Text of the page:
The Size of the House
"The importation of slaves could not be prohibited - exports could not be taxed. Is this reasonable?"
-Rufus King in Madison's Notes on the Convention
Today the delegates turned to Article IV, Section 2 of the plan proposed by the Committee of Detail.This section proposed that members of the House be at least twenty-five years old, shall have been a citizen for three years, and at the time of election be a resident of the state in which he is chosen. The section was amended and approved.
The delegates then considered the remaining sections of Article IV. They spent considerable time on Section 4: "As the proportions of numbers in [the] different states will alter from time to time… the Legislature [Congress] shall… regulate the number of inhabitants, according to the provisions herein after made, at the rate of one for every forty thousand."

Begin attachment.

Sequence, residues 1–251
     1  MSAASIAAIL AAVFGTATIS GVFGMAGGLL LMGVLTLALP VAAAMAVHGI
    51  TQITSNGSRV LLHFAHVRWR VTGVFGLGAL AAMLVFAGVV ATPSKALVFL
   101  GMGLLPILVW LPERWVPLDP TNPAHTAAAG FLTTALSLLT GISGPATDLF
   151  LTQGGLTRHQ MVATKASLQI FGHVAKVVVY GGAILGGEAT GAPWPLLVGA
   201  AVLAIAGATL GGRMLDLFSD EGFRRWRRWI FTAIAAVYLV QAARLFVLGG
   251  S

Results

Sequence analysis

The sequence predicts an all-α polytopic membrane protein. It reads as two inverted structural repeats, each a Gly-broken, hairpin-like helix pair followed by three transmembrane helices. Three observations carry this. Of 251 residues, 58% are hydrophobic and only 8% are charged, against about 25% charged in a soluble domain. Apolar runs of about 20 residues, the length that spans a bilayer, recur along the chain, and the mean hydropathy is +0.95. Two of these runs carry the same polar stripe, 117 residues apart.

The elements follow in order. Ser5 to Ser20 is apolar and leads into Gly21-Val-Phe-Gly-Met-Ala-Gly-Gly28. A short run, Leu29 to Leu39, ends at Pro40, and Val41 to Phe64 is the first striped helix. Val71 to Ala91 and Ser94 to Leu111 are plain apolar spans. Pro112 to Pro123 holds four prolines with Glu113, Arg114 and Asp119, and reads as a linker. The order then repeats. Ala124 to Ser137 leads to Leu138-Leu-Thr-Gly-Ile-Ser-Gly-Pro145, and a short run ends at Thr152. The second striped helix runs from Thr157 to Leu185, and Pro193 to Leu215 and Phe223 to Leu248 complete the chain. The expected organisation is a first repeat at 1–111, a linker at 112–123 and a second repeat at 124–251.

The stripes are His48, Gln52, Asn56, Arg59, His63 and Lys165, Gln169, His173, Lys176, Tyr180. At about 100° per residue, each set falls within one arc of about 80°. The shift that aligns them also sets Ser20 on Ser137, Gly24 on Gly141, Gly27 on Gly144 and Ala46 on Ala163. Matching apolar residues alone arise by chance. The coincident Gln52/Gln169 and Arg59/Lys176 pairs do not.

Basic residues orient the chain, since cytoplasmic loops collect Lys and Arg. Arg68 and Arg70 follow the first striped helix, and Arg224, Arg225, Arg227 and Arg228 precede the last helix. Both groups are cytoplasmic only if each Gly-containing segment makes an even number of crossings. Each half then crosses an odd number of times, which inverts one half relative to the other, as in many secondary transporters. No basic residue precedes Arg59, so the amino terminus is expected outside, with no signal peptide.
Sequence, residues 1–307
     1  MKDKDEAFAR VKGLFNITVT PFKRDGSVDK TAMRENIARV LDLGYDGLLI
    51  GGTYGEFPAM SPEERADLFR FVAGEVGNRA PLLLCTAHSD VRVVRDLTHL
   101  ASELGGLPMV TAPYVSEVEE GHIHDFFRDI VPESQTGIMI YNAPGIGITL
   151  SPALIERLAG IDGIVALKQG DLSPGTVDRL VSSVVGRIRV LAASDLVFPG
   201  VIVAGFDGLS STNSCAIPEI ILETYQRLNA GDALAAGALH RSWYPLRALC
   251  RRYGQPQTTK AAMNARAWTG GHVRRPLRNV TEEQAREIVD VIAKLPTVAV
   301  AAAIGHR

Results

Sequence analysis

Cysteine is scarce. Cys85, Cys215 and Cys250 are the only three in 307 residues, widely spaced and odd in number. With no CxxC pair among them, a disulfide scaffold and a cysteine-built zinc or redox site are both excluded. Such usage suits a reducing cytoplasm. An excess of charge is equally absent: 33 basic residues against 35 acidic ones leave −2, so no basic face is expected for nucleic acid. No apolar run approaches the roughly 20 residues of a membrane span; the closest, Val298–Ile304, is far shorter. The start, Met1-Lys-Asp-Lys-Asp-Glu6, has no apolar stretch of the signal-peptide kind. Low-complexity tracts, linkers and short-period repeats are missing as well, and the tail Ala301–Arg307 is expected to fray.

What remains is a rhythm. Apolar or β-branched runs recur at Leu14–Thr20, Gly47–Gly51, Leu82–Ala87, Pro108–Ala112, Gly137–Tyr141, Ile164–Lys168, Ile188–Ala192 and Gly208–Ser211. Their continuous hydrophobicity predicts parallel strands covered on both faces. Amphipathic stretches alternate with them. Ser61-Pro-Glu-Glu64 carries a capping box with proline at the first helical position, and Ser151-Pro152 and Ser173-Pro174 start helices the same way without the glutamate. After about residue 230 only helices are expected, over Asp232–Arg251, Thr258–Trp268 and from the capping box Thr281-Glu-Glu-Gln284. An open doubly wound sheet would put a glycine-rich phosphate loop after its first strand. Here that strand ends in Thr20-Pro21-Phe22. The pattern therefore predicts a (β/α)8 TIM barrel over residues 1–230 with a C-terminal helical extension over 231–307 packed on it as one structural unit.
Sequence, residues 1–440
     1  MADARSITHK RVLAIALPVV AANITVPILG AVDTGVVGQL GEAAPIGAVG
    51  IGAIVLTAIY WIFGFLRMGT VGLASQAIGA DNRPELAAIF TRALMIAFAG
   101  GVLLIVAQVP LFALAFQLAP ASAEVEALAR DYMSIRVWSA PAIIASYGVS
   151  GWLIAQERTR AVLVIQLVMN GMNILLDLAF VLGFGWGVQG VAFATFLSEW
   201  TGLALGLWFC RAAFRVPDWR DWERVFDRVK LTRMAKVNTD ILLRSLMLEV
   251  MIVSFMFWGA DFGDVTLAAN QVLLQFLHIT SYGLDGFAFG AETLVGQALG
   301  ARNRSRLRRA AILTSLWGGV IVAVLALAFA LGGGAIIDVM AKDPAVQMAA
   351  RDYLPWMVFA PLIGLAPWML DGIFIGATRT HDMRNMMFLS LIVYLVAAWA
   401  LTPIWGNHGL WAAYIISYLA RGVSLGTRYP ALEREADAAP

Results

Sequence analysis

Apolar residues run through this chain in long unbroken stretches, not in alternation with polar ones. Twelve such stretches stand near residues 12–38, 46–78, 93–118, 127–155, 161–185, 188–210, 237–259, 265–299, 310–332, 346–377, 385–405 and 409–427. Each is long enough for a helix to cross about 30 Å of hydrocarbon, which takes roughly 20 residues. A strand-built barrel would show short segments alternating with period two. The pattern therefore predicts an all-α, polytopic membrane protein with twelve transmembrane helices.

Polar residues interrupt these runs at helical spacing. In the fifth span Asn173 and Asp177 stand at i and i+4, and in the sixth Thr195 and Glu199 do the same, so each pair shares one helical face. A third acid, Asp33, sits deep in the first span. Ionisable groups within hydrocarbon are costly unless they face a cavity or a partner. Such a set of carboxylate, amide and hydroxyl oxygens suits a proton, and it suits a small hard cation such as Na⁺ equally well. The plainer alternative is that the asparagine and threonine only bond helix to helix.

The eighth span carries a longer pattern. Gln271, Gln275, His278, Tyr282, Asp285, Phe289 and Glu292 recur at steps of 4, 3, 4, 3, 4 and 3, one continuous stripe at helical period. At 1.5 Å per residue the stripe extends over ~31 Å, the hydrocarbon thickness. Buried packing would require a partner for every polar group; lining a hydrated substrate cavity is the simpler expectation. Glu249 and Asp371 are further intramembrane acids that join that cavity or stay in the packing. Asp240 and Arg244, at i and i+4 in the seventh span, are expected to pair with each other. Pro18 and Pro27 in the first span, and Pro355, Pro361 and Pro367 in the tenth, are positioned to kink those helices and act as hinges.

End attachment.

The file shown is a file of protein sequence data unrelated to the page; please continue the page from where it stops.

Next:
King (MA) immediately attacked including slaves in determining the basis for representation.
Madison objected to making one for every 40,000 inhabitants a rule; with population growth the number of Representatives would be too large. As Madison noted, Gorham didn't think that to be a problem because it was improbable that "this vast country including the Western territory will 150 years hence remain one nation."
G. Morris then moved to insert "free" before "inhabitants," supporting it with a vehement attack on slavery. Dayton (NJ) seconded to get his position on the record. The motion lost.